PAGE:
Samsung Galaxy S5 camera under the microscope: in-house Samsung sensors make fast auto-focus magic possible - PhoneArena

Samsung Galaxy S5 camera under the microscope: in-house Samsung sensors make fast auto-focus magic possible

After years of reliance on Sony camera image sensors in its flagships, this year, Samsung is finally ready to ship the Galaxy S5 with its own, in-house ISOCELL sensor that the company claims could be the next key breakthrough for mobile cameras after the arrival of backside-illuminated (BSI) sensors.

BSI camera sensors improved the sensitivity of the sensor hugely, paving the way for higher-resolution (most notably, 13-megapixel) mobile cameras with smaller, 1.1µm pixels. Now, ISOCELL technology builds up on BSI, as it claims to bring another leap in light sensitivity, while reducing noise, and capturing a higher dynamic range.

Chipworks put the 16-megapixel main and the 2-megapixel secondary camera sensor of the Galaxy S5 under the microscope to show what secrets ISOCELL hides, and the images it captured verify that we indeed have Samsung-made camera sensor in the S5.

The main, 16-megapixel camera sensor carries the model name ‘S5K2P2XX’ and features 1.12µm sized pixels. The front-facing 2MP camera has the ‘S5K8B1YX03’ model name, and it also comes with 1.12µm pixel pitch. Chipworks has already showed us a vertical X-ray image of an ISOCELL sensor showing how Samsung is the first to combine advanced features like front deep trench isolation (F-DTI) and Vertical Transfer Gate (VTG) in a mobile camera sensor.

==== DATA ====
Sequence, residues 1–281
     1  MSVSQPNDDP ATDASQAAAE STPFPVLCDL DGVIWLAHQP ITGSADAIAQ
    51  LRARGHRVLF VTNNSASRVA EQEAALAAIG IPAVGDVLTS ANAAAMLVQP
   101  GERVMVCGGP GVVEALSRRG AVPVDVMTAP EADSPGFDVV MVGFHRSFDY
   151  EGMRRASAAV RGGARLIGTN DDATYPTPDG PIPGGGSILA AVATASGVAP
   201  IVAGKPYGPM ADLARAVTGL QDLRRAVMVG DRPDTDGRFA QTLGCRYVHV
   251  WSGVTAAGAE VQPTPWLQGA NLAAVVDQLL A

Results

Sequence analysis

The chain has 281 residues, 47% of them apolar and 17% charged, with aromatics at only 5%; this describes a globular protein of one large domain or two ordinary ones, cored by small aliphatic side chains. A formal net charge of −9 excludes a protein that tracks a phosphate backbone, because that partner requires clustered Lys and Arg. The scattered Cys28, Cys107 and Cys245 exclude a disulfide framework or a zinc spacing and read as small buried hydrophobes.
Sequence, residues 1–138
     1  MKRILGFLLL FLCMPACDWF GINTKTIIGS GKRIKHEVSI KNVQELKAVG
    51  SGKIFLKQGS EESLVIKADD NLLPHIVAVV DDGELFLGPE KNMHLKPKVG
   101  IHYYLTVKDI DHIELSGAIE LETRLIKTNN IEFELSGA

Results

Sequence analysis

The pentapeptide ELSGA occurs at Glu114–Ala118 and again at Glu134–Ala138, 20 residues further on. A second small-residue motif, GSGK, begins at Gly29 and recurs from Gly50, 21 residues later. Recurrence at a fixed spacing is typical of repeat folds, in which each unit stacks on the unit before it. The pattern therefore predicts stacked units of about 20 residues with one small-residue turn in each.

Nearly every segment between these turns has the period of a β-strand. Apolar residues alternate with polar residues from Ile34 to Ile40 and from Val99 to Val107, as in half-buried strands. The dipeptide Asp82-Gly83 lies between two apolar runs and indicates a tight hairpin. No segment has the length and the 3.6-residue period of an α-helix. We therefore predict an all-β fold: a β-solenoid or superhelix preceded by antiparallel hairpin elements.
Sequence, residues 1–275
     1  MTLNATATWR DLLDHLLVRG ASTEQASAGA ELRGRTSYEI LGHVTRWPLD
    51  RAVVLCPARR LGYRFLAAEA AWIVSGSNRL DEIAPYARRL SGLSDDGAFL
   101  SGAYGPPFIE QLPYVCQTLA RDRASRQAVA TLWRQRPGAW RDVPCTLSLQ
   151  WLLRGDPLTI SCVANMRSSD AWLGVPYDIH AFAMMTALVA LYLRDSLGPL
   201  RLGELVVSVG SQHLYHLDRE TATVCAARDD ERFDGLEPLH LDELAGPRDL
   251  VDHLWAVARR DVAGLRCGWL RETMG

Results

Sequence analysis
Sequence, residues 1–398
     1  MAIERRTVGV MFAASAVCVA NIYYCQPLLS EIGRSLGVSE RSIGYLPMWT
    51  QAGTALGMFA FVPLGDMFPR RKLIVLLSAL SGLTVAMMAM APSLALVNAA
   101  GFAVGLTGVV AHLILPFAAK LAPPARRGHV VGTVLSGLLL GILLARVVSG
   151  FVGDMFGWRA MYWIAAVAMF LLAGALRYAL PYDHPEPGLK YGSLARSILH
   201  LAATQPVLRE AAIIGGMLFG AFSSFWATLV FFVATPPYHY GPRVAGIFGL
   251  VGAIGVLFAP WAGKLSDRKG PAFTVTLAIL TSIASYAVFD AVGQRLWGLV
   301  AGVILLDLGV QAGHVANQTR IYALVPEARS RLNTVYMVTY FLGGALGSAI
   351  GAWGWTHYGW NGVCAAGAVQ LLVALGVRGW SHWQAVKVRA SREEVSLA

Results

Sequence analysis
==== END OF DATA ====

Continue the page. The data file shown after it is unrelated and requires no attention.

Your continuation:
What’s particularly interesting, though, is that Samsung is also one of the first companies to implement phase detection auto-focus pixels that allow the AF mechanism to lock focus in just 0.3 seconds. Indeed, pairs of phase detection pixels are positioned almost entirely throughout the sensor pixel array. 

This is indeed an impressive technological breakthrough - Samsung is the first company to implement phase detection on a 1.1µm pixel array, and moreover - on a BSI sensor. Phase detection pixels are also half-masked, which suggests that Samsung is using a back aperture grid, another first for the company. You can see the images of the brand new Galaxy S5 sensors up-close in personal in the gallery below. Let us know what you think about the Galaxy S5 camera, and stay tuned for our forthcoming full-on Samsung Galaxy S5 review!

source: Chipworks
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